First and third party liability are what large IT vendors usually look for in cyberinsurance, but with the heavy damage from a large-scale security breach, IT vendors are increasingly looking for privacy extensions and data breach crisis response coverage, industry watchers note.
According to Jody Westby, CEO of Global Cyber Risk Group and adjunct professor at Georgia Institute of Technology's School of Computer Science, IT vendors are increasingly concerned about having adequate first and third party liability coverage.
First-party coverage is for direct losses experienced by the insured such as recovering lost or destroyed data, notification, monitoring and forensic investigation expenses, and business interruption losses, Ian Pollard, Asia-Pacific and Far East regions vice president of Financial Lines at Chartis, explained.
On the other hand, third-party coverage insures policyholders against losses incurred by customers, credit card companies and banks, and any legal damages that is third party liability for privacy breaches such as notification and regulatory costs coverage for fines and penalties, he added.
Their growing concern comes in light of breaches and security incidents involving theft of confidential and propriety data giving companies a "heightened awareness" of these threats, Westby explained. As companies increasingly turn to cloud and outsourcing as a means of controlling costs, they also become the key targets of cybercriminals because they have rich repositories of data, she added.
Demand for privacy, reputation damage coverage
That said, large IT vendors have also become interested in insurance products with privacy extensions, Rick Betterley, president of Betterley Risk Consultants, observed.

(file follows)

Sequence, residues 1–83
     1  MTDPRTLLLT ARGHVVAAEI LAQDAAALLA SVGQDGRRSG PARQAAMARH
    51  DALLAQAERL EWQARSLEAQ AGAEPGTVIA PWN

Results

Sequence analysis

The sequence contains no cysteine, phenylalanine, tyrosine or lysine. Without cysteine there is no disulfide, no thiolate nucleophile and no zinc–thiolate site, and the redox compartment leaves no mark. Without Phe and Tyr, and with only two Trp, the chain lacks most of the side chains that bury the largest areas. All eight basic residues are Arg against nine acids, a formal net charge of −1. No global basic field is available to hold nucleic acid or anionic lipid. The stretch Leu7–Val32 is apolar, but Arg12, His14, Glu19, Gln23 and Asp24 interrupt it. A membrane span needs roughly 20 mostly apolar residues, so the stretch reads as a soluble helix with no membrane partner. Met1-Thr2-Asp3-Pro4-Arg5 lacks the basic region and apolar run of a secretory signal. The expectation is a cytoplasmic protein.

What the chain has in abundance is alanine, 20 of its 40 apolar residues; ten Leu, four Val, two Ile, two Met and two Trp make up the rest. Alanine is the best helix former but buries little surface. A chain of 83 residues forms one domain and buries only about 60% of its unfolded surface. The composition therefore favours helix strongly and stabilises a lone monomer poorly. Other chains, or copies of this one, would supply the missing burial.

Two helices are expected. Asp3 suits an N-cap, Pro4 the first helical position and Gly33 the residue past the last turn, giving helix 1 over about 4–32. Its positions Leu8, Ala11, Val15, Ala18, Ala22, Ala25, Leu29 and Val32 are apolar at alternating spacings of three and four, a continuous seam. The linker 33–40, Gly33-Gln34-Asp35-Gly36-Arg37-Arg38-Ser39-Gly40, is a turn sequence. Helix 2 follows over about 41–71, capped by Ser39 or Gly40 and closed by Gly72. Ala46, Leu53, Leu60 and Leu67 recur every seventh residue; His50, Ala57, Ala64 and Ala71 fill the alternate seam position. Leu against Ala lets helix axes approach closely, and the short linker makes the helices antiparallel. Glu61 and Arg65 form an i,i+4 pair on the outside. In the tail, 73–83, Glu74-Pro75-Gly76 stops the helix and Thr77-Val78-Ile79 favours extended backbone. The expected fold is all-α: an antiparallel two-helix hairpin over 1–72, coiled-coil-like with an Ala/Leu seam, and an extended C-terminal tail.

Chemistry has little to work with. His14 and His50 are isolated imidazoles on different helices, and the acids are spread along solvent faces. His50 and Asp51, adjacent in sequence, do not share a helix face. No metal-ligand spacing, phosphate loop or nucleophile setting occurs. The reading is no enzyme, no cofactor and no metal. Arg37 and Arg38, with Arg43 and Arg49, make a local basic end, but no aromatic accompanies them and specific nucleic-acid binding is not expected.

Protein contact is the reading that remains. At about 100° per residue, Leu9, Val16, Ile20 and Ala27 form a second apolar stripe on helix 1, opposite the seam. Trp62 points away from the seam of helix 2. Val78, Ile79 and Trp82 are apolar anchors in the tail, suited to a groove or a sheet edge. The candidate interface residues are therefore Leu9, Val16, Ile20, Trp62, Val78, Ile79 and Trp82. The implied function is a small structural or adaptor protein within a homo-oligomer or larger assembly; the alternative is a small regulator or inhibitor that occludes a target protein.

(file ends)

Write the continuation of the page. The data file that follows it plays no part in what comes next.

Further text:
This protects the company against the defect, deficiency or inadequacy in their product or service in the contract, Veronica Sommariba, senior vice president and technology manager for commercial insurance at Chubb Group of Insurance Companies, explained.
"They are concerned about protecting their company against lawsuits alleging errors, including those that result in a security breach of their customers' systems," Betterley said.
Such privacy extensions also provide additional coverage for a breach of their own system, which is becoming more important as regulators "crack down" on breaches and as customers ask for insurance protection from IT vendors, he added.
Data crisis response coverage, whereby the insurer has direct access to a public relations specialist and legal firms in the event of a breach, is also becoming increasingly popular, Pollard added.
Betterley agreed crisis management benefits are increasingly becoming a criteria for insurers so they can restore their reputation. The reputation damage from a breach can be "extremely severe", especially for large companies who are keen to preserve their "names within the industry", he explained.
With the proliferation of social media and forums, some IT vendors also look for media content insurance coverage, which responds to online defamation of their brand names and infringement of intellectual property rights, Pollard pointed out.
He was responding to the introduction of an insurance policy aimed at U.K. consumers by information privacy company ALLOW, which pays up to £10,000 (US$16,200) for identity theft, account hijacking and reverse search engine optimization (SEO) to bury negative content.
One recent example of a brand suffering a potential reputation hit from a cyberattack, saw hackers gaining control of Reuters news agency's blogging platform and Twitter account in August posting a false story and a stream of false Tweets over issues in the Middle East.